Last update:
2014-04-08

PT ICA land conflict on Sumatra, Indonesia

Description:

In mid-2012, the Regent of Batanghari issued a license for PT Inti Citra Agung (PT ICA) to establish an oil palm plantation in a concession area of 7,800 hectares. The area spreads in 9 villages in Mersam District. Mersam District is a paddy producing district and most inhabitants of those 9 villages are food farmers. Paddy farmers of Mersam Village think that if PT ICA is allowed to establish an oil palm plantation in their village the impact on the food and water resource area would be catastrophic. The forest area also provides rattan for the community, which they process into various kinds of tools for their daily activities. If the government wants Self-Food-Sufficiency in the form of rice, it has to revoke the license of PT ICA, said members of the community of Mersam Village, who reject PT ICAs oil palm project. They fear that approximately 1,000 hectares of rice-field land would be damaged and lost if an oil palm plantation is established in their village.

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Basic Data
Name of conflict:PT ICA land conflict on Sumatra, Indonesia
Country:Indonesia
State or province:Jambi province, Sumatra
Location of conflict:Batanghari regency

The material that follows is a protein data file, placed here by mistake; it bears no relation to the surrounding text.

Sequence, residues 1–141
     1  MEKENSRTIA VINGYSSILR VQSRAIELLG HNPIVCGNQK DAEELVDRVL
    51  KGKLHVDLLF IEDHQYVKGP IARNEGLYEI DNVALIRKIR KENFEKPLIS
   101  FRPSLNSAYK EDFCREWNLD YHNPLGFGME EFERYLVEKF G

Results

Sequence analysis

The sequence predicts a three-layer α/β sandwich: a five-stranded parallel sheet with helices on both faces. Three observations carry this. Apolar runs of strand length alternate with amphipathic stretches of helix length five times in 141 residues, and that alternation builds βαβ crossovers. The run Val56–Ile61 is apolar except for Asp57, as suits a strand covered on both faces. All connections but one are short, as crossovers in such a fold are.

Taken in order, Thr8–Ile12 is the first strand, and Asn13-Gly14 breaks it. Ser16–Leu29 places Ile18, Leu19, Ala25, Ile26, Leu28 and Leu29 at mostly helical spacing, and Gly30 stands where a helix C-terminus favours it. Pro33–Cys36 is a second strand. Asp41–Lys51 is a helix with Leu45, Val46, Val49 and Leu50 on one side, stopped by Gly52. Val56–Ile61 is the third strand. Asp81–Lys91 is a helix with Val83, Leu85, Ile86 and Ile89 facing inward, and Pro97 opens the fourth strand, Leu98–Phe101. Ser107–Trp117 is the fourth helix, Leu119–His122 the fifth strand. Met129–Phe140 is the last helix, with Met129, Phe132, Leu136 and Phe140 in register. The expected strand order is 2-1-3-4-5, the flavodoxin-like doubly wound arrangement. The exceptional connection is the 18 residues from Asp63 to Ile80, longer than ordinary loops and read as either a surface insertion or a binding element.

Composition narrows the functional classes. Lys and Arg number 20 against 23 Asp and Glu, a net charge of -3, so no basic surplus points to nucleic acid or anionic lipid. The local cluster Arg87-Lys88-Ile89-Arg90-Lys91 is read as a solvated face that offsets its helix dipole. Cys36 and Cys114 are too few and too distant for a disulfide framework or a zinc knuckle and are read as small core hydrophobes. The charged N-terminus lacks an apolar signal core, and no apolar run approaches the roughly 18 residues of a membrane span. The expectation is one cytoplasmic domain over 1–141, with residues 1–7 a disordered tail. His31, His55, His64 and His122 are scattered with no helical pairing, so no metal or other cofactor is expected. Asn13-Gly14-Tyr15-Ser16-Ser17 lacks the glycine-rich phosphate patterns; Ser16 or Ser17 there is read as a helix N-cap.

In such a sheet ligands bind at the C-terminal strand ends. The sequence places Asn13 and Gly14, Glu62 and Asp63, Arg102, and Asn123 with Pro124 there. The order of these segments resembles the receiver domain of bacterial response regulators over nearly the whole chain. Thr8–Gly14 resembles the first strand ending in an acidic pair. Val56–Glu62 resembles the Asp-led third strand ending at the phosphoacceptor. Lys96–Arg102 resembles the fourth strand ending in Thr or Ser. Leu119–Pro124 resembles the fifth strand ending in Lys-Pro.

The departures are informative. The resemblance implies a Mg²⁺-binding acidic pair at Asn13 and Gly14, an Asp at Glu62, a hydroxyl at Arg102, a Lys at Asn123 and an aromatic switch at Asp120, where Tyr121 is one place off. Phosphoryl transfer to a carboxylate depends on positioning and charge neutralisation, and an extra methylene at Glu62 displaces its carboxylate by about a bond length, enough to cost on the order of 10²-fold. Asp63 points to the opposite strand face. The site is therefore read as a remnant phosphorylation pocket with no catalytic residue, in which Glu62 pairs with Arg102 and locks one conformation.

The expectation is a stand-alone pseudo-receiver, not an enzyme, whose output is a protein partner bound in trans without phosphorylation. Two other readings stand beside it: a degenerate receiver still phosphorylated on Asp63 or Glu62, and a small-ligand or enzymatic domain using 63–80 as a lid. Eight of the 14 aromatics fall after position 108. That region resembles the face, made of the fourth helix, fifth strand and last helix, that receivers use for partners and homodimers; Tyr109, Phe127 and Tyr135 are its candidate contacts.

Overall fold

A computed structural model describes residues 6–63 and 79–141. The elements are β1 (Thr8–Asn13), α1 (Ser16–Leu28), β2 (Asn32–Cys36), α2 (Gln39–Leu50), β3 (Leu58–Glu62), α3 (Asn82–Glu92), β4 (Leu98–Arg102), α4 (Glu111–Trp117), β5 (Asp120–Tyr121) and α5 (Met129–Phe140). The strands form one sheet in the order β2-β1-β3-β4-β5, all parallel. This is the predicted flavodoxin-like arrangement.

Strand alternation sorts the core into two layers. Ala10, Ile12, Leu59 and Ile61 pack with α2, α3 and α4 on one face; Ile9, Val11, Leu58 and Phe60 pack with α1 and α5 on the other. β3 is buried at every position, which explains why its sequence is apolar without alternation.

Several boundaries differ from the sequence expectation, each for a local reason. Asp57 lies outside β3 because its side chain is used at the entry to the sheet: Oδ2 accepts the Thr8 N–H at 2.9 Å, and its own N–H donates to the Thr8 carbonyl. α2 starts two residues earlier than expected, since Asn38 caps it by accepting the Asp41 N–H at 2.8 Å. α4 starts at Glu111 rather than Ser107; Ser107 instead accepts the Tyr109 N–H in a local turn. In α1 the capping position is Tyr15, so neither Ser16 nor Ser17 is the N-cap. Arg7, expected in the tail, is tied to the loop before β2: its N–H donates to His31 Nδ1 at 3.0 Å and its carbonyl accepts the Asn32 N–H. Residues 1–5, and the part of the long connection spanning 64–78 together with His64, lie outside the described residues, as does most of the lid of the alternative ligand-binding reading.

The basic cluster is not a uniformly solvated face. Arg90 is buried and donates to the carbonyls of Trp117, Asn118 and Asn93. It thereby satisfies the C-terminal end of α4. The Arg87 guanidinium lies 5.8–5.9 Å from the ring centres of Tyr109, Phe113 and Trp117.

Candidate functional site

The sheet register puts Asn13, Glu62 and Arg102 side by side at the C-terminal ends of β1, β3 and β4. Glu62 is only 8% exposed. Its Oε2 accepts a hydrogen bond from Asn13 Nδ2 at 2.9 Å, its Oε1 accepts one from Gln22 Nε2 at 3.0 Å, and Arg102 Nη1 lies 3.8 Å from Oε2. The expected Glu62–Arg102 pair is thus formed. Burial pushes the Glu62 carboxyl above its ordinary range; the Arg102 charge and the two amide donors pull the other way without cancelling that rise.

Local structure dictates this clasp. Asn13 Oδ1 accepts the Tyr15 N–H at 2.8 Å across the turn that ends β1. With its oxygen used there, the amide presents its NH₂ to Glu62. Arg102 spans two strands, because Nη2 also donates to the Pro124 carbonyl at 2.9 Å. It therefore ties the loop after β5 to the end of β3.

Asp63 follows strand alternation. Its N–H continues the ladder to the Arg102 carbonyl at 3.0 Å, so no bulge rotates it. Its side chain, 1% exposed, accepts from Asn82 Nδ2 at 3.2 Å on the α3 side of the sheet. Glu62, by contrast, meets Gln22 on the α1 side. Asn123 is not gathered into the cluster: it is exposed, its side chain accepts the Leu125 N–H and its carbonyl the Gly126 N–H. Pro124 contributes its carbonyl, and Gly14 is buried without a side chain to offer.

Accuracy of locationMEDIUM (Regional level)
Source of Conflict
Type of conflict. 1st level:Biomass and Land Conflicts (Forests, Agriculture, Fisheries and Livestock Management)
Type of conflict. 2nd level:Plantation conflicts (incl. Pulp
Land acquisition conflicts
Specific commodities:Palm oil
Project Details and Actors
Project details

Project area:7800
Type of populationRural
Start of the conflict:2012
Company names or state enterprises:PT Inti Citra Agung (PT ICA) from Indonesia
Relevant government actors:Ministry of Forestry
Environmental justice organizations (and other supporters) and their websites, if available:Yayasan SETARA Jambi, Yayasan CAPPA-Ecological Justice, Perkumpulan Hijaudan Aliansi Gerakan Reforma Agraria (AGRA)
Conflict & Mobilization
IntensityMEDIUM (street protests, visible mobilization)
Reaction stagePREVENTIVE resistance (precautionary phase)
Groups mobilizing:Farmers
Indigenous groups or traditional communities
International ejos
Forms of mobilization:Involvement of national and international NGOs
Community looks for support at the Parliament and among NGOs and farmers organizations
Outcome
Project StatusProposed (exploration phase)
Do you consider this an environmental justice success? Was environmental justice served?:No
Briefly explain:It will only be a success if communities will be able to stop the project, e..g when the government revokes the license.
Sources & Materials
Links to general newspaper articles, blogs or other websites

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Meta information
Contributor:Winnie Overbeek
Last update08/04/2014
Comments
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